Bias is inherent and endemic in history writing. Any narration, for that matter history to be specific, would be composed through the prism of the author or historian. Yes, as Partha Chatterjee opines that history is not fiction, surely, yet proclivities of the historian are embedded in the narration itself. To interpret is the job of the historian – if not duty. However before one interprets; piecing together data, evidence, facts is the quintessential function.
‘Unbiased’ data, facts, factoids – is it possible to have them? If one lends credence to Carr, the basic database in itself is supposed to contain seeds of contamination. Then up to which depth is the historian supposed to delve into? Will the narrator/interpreter have the privilege to conduct first hand interviews of the actors? In some cases, it may be possible, based on certain factors, viz. administrative and logistic, among others and depending on the timeline up to which the research dates back. In most cases, however, it would not be a practicable scenario.
The Letters, Despatches and Other State papers of the Military Department of the Government of India pertaining to 1857-58, edited by George W. Forrest assume monumental importance in this context. Chapter 1 of Volume one of the documents provides a fresh insight into the genesis of the rebellion of 1857. Interestingly, major historical discourses have hardly highlighted this phase of the mutiny and mostly concentrated on the beginning of the mutiny on the late afternoon of Sunday, 29 March 1857 when an otherwise quiet Barrackpore cantonment in the suburbs of Calcutta [now Kolkata] woke up to the shouts of a soldier of the 34th Native Infantry:
“Come out, you bhainchutes, the Europeans are here!........
……..It’s for our religion…..
You have incited me to do this……”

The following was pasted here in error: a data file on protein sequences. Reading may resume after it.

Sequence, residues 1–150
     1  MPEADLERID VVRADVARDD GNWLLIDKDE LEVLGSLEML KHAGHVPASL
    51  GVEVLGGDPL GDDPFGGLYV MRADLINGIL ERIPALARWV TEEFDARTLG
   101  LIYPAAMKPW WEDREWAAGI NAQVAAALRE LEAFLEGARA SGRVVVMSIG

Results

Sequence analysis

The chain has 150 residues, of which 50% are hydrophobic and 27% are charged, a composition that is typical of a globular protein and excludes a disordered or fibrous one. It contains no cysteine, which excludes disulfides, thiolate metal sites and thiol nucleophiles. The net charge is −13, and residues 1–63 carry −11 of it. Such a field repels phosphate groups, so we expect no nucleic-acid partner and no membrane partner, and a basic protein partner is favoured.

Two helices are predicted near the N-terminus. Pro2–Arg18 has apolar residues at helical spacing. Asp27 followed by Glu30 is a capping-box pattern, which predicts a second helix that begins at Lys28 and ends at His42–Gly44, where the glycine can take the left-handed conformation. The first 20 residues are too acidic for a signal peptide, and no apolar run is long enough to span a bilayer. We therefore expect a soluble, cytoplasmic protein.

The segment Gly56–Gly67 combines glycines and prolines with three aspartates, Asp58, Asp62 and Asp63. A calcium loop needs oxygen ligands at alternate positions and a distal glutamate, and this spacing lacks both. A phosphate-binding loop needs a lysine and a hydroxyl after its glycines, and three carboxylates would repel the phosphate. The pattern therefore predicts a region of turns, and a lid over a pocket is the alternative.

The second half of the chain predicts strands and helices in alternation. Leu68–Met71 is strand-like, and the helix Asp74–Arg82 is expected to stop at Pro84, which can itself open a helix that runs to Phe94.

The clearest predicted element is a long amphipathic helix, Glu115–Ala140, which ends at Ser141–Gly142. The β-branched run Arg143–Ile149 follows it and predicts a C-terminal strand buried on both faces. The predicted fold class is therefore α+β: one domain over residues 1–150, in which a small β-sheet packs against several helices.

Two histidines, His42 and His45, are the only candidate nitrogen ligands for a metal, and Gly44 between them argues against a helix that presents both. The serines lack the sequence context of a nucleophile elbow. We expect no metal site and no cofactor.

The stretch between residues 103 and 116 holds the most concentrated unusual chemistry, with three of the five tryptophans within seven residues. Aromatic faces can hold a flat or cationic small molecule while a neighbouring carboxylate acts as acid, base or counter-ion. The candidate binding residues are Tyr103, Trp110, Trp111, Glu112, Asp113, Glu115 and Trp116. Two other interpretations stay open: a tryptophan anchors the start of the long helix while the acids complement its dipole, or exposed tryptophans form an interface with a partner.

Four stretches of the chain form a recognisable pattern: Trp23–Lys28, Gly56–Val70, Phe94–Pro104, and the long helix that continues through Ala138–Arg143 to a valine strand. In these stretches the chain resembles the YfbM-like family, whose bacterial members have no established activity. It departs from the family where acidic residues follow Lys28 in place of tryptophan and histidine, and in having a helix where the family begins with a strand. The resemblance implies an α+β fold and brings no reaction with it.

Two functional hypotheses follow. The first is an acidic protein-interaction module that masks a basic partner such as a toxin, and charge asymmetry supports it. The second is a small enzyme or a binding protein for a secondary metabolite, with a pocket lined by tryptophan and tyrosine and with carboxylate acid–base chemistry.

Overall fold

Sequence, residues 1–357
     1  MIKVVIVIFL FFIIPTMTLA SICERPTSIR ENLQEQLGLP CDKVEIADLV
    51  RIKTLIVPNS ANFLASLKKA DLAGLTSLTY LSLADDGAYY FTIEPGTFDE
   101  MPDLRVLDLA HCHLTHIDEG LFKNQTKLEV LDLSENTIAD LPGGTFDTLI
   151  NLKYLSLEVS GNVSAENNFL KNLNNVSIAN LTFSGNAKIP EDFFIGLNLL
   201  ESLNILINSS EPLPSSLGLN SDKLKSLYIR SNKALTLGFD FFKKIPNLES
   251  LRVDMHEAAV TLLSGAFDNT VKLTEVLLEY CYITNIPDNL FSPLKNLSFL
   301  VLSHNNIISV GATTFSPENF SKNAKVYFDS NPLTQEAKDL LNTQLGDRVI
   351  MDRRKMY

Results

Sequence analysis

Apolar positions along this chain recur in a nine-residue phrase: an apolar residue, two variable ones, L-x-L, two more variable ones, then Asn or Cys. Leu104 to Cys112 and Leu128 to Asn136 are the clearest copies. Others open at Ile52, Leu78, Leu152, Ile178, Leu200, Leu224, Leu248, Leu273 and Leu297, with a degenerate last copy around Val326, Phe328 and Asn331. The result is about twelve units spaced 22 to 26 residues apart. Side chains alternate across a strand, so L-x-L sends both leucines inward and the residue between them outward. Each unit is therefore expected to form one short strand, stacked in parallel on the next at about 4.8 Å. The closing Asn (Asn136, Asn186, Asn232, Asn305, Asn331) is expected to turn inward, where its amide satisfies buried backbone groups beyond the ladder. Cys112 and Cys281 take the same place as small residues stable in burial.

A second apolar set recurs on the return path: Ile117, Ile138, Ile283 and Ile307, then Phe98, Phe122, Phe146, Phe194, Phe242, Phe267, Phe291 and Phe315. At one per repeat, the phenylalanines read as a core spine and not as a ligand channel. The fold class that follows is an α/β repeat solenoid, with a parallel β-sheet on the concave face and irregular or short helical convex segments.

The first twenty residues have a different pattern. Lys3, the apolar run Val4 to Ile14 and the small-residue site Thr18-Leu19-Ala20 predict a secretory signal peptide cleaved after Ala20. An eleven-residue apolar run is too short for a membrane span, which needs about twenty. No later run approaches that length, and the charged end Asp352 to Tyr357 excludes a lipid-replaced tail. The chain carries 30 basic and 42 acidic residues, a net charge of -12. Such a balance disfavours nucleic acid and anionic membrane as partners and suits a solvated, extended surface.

Whether Mangal Pandey or Mungul Pandy as his name was spelled by the colonial officers, was under the influence of bhang or not hardly makes any difference as far as effects of the rebellion is concerned. The discussion on his state of mind and health may only be relevant to the historiography of 1857-8.
However, the point of focus over here is that Rudrangshu Mukherjee in his monograph ‘Mangal Pandey – brave martyr or accidental hero’, sets up the event on that fateful Sunday of 29 March by referring to imperialist historiographer John Kaye’s scenic description of the serenity close to the banks of the Hooghly River at Barrackpore cantonment.
It is germane to stress on the words allegedly spoken by Pandey on 29 March :
“You have incited me to do this…..”
Was he referring to his comrades of the 34th Native Infantry? And indeed if his comrades had incited him, then who were they? Did they plan a mutiny themselves or were there some external elements that sowed the seeds of rebellion? How does one attempt to discern these aspects after over 150 years of the actual set of events?
Forrest’s collection of Papers could aid in throwing some light on these untouched aspects of one of the greatest events of Indian history. The doyen of Subaltern historiography, Ranajit Guha has warned the posterity and especially the historians, in his by now cult-status holder ‘The Prose of Counterinsurgency’ that imperialist school of historiography is beset with the obvious bias of being tilted towards the ruling imperial elite, in howsoever an ‘objective’ manner they are written. From that perspective, narratives from Kaye and Malleson to Christopher Hibbert and Saul David suffer from that malaise.
Though the State Papers were compiled and edited by then ruling elite, yet they provide the ‘purest’ form of primary source that is available to historians as on date considering the fact that the collection is devoid of interpretations, rather contains a series of submissions and correspondences. It may so happen that certain documents have been ‘deliberately’ omitted or the submissions are ‘coloured’, yet with the set of records at disposal, and with the corroborative research carried out by imperialist as well as Nationalist, Marxist, subaltern and post-structuralist historians, a fresh narrative can always be crafted.
23 January is a memorable day for the Indians. It is the birthday of Netaji Subhash Chandra Bose. On the same day, but forty years before Netaji’s birth, a highly interesting thing happened at the northern rim of the city, in Calcutta’s Dum-Dum area. The officer commanding the depot of musketry wrote an official missive to the station staff officer at Dum-Dum regarding an issue which according to him should have raised alarm bells.